My notes on Newfield, C. (2019). Unbundling the knowledge economy. Globalisation, Societies and Education, 1-9.
Far from being distinct institutions at a remove from society, this special issue explores their many interconnections with social and political life. Once we recognise the mutating character of the university, transforming and growing in a way which reflects wider social life, it becomes difficult to see what it means to defend ‘the university’. As Newfield writes, drawing on Jana Bacevic’s contribution to the issue:
In a sense there is no ‘university’ to defend from marketisation and splitting up. Teaching could be handled by online courses supported with course assistants who do not need expensive doctoral training. ‘Coding camps’ are the policy world’s exemple du jour. Research could be moved into the companies that benefit from it, supplemented by hospitals and national laboratories, who could also handle advanced research training. Civic education could be handled peer-to-peer by social media, and cultural education by our wall-to-wall visual media. Perhaps our real motto should be ‘shed no tears for the university. (1-2)
What does the tertiary landscape look like without it? As he writes on pg 2, “if we remove the university from the tertiary landscape, we are left with commercial publishers, ed-tech providers, think tanks, marketing firms, quasi-governmental agencies, ministries, supra-national advisory bodies, and technical service companies”. They have built up around supporting higher education and there is little reason to think they could provide it were universities to gradually dissolve.
Newfield suggests five basic features of university education: autonomy (in opposition to control by state or industry), self-formation, integrated learning, basic research (funded without promise of application) and public service. Each has private and public effects, as well as pecuniary and non-pecuniary dimensions. Unfortunately, discourses of higher education tend to focus on the private benefits and pecuniary dimensions to the exclusion of all else. However it has been estimated that private pecuniary benefits is only about 1/3 of the overall value, though the irony that this relies on placing a monetary value on non-pecuniary aspects is striking. Newfield describes this as ‘dark matter’ which is excluded by the aforementioned discursive narrowness (4). Pickering’s concept of ontological veiling could be usefully applied here.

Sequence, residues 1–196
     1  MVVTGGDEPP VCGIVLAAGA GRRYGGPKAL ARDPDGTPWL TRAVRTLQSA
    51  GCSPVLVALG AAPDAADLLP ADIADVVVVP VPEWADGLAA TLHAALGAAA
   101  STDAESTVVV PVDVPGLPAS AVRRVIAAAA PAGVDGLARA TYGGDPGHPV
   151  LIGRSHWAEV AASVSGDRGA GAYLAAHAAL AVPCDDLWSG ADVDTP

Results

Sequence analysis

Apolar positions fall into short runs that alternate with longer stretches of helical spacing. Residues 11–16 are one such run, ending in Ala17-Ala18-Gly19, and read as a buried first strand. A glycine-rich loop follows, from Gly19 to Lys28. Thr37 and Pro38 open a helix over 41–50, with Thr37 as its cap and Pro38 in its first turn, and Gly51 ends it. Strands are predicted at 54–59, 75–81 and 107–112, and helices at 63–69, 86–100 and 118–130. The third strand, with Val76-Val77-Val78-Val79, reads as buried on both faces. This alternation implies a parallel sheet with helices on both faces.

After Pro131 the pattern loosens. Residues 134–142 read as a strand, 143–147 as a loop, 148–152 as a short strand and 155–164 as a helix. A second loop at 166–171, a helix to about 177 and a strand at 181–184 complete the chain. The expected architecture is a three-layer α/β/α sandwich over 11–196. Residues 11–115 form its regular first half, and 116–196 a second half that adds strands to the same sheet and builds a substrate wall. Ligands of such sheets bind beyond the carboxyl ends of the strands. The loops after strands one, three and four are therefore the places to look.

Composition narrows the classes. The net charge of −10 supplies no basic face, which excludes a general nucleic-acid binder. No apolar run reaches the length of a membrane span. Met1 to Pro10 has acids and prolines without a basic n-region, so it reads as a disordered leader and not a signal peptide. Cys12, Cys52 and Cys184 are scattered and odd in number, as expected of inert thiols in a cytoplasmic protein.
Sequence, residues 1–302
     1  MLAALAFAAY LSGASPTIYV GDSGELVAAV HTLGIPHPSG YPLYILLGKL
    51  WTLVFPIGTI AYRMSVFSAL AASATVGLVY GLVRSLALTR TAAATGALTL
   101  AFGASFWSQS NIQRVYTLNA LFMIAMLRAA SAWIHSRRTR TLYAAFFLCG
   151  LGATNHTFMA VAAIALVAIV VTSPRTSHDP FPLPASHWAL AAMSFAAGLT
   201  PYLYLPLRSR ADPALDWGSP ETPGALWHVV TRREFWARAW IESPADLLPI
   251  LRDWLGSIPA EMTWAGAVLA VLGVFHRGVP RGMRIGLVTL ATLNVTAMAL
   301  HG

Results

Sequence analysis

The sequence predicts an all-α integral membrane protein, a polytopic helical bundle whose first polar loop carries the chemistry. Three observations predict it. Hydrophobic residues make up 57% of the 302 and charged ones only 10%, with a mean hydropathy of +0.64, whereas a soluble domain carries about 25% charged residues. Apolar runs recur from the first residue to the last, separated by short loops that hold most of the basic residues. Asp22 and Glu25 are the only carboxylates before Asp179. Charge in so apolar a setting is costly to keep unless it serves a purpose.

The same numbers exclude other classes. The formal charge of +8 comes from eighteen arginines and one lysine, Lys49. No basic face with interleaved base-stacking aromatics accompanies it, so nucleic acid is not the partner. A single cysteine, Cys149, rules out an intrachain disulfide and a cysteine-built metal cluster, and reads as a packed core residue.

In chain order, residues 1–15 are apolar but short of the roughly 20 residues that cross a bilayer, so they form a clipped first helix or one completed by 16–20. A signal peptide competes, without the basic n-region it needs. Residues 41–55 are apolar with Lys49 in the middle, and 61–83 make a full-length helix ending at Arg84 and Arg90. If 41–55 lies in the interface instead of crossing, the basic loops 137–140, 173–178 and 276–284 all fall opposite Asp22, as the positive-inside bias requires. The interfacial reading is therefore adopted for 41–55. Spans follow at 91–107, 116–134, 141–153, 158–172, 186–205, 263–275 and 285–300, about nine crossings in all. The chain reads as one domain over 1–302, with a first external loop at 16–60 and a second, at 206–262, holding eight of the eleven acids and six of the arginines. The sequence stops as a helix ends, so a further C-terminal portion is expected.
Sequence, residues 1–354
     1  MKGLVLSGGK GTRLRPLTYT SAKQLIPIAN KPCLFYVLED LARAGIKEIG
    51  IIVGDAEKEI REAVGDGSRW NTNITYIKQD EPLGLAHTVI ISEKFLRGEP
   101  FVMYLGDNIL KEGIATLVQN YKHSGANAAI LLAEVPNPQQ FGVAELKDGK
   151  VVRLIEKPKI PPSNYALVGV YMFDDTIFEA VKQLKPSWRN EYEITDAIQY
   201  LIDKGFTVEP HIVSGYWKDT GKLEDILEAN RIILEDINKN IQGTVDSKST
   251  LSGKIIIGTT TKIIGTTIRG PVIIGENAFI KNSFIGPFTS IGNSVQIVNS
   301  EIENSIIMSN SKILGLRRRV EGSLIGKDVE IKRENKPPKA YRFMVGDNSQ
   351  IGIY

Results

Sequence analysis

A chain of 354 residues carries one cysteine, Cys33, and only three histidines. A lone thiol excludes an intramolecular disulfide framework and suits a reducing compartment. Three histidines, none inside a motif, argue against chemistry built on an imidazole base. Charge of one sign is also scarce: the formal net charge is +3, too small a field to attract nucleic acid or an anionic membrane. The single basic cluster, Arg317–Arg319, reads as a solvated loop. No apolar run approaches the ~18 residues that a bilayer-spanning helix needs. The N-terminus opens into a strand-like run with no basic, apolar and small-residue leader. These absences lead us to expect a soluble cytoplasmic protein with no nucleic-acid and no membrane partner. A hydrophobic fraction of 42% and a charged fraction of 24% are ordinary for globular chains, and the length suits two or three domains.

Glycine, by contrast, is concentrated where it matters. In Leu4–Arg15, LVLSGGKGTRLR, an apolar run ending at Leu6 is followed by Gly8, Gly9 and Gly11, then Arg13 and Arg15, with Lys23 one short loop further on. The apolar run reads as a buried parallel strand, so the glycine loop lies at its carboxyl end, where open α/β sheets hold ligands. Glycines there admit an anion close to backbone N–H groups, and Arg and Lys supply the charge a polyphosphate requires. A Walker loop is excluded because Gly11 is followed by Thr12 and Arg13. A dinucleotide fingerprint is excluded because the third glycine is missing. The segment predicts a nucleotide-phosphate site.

Could the unbundled university still produce this dark matter? Or does the datafication at the heart of the project mean that a focus on the calculable private and pecuniary aspects would be the sole concern? Could post-university systems increase value in a way that would outweigh these losses? He argues that opening out this debate involves recasting claimed drivers (automation, digitisation etc) as uncertainties with contingent outcomes. Rather than being what Filip Vostal calls ‘mega forces’ which lead ineluctably to their outcome, they are factors which operates amongst others within open systems.
He ends by framing unbundling in terms of austerity. As he writes on pg 7, “every analysis of educational quality has been predetermined by constraints of cost”. The logic of unbundling involves extracting an element in order to maximise incomes and minimises costs, away from the messy interconnections which hinder this process. If I understand him correctly, he’s saying it’s a form of hyper-rationalisation which cuts out chunks out of an organisation in order to work on them in isolation rather than merely reconstructing an organisation piece by piece. He argues on pg 8 that ‘tech isolationism’ is a core problem which points to the sustained relevance of a humanities education:
the failure to integrate technological with sociocultural skills. In rea- lity, the world’s enormous problems require massive numbers of non-routine problem solvers. They must have higher order cognitive skills, be able to cross disciplinary and linguistic barriers, and be capable of continuous improvisation. They need what used to be called humanistic creativity, for the simple reason that every global problem had fused technical issues to extremely difficult socio-cul- tural challenges. You can’t have renewable energy conversion unless you can reduce environmental racism, for example: cultural knowledge workers will need to be seen as essential equal partners with photovoltaic device engineers. STEM education unbundled from the social sciences, arts, and huma- nities is the problem, not the solution.